Prevention and Common Sense Key to Spring Break Travel
April 12, 2010
Your bags are packed, your tickets are purchased and there’s nothing left to do but count down the days until vacation. But are you really as prepared as you think? Depending on your destination, you may need to get vaccinated or start medications before heading out the door.
As students and families across the area gear up for spring break travel, experts at Passport Health of Upstate New York, based at the University of Rochester School of Nursing, offer some tips for staying healthy and safe. Passport Health specializes in travel medicine, preparing people for trips with destination-specific travel information, immunizations, medications and specialty travel products.
“You really need to consider where you are going and what the conditions may be like there,” said Bill Russell, RN, MS, director of Passport Health of Upstate New York, which has offices in Rochester, Syracuse and Canandaigua. “It’s going to be a very different experience for a leisure traveler off to enjoy the beaches of Bali versus someone spending a week in Haiti doing humanitarian work. We can help folks prepare for either scenario. And there are some simple guidelines that can keep travelers healthy regardless of destination.”
- Food: Make sure your meals are thoroughly cooked and served hot; stay away from street vendors and open markets. Many food-borne illness stem from questionable sources where food may not have been cooked, stored, prepared or monitored properly.
- Water: Many parts of the world do not have safe drinking water, so choose bottles or some type of purified water system. Several types of water filters can be bought in advance. Also, be careful when buying bottled water off the street; dishonest vendors may pass on tap water in used bottles with “like-new” caps. Also, think twice about using ice in beverages in areas with unsafe drinking water.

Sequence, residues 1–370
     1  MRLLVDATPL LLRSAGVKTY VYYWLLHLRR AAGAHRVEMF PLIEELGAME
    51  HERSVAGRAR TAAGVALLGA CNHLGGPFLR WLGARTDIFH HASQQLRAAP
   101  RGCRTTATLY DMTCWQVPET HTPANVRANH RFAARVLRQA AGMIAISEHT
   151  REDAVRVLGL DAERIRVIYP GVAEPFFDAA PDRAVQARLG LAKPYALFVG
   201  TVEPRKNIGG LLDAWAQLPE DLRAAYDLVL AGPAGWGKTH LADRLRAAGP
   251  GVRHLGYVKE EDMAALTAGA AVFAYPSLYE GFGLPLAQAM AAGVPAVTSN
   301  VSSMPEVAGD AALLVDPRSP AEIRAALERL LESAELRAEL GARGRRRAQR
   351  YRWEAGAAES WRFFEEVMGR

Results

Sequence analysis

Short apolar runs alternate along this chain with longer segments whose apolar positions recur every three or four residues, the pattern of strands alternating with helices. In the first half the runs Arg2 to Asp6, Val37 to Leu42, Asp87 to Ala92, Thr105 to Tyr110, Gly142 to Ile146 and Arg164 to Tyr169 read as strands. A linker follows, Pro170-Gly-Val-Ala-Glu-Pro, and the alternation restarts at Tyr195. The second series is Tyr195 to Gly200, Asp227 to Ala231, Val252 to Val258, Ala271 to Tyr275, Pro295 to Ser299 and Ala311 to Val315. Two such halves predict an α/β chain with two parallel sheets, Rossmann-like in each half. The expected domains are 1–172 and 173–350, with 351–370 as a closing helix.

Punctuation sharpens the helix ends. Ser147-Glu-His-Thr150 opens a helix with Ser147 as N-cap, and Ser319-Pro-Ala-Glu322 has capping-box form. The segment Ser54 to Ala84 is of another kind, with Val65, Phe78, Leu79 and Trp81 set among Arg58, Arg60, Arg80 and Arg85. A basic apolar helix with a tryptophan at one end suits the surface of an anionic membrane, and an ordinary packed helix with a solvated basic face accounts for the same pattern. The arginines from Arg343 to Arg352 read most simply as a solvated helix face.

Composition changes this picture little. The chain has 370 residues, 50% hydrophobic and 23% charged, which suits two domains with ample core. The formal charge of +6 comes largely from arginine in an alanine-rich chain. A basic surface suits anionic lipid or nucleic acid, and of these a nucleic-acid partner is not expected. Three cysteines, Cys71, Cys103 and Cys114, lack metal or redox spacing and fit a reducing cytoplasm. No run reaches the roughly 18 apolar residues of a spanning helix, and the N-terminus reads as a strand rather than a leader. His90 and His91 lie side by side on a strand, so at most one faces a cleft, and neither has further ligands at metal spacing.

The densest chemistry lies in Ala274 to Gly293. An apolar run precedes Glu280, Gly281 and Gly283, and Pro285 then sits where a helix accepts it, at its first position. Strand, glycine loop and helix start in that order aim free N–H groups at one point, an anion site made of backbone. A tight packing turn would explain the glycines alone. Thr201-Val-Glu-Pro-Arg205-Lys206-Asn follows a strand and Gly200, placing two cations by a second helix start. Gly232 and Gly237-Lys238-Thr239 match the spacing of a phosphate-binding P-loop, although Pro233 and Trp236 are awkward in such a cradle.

- Bugs: For areas where mosquitoes may be a problem, take care to protect yourself. For exposed skin, use a product that is between 20 and 40 percent DEET; higher concentrations absorb into the bloodstream and are toxic. Permethrin, a clothing repellent, can also be effective against mosquitoes. A combination of DEET for your skin and Permethrin for your clothes is the best protection. Remember, mosquitoes also bite at night, so be sure to use as needed all day and night.
- Sun Protection: Always use sunscreen, even on cloudy days. The higher the SPF number, the better the protection from the sun’s harmful rays. The American Academy of Dermatology recommends wearing an SPF of 30 or higher for maximum protection. Choose a product that offers broad-spectrum protection from both UVA and UVB rays. When using sunscreen and DEET, put the sunscreen on first, let that absorb for 30 minutes, then put the DEET over it. Wear a hat!
- Tummy troubles: Many vacations have been ruined by cases of travelers’ diarrhea. Be sure to pack anti-diarrheal medication just in case.
- Safety and Security: Always carry your passport on your body when traveling. Never leave it in a purse, backpack or carry-on bag. Also, make copies of all documents that you are bringing; Keep a set in your carry-on - - never checked luggage - - and leave copies at home with someone you trust. If anything is lost or stolen, it is a great help to have copies.
Passport Health’s experienced staff can help travelers stay safe and healthy. Registered nurses will assess health history and individual needs based on itineraries; provide the latest information on health risks and safety based on real-time reports from the Centers for Disease Control, the World Health Organization and other world surveillance organizations which monitor outbreaks; discuss precautionary measures for dietary and recreational activities; and administer and prescribe required immunizations and recommended medications.
“No matter the reason for traveling this spring and summer, people want to make the most of their trips. No one wants to end up sick or hurt. With a little planning and forethought, travelers can stay healthy and safe,” said Robin Drypolcher, R.N.C., B.A., assistant director of Passport Health of Upstate New York, Syracuse office.
To schedule an appointment at the Passport Health offices in Rochester and Canandaigua, call 585-275-8884. Call315-373-0643 to be seen in the Syracuse office. For more information on services offered, check out the Web site at www.passporthealthusa.com/rochester .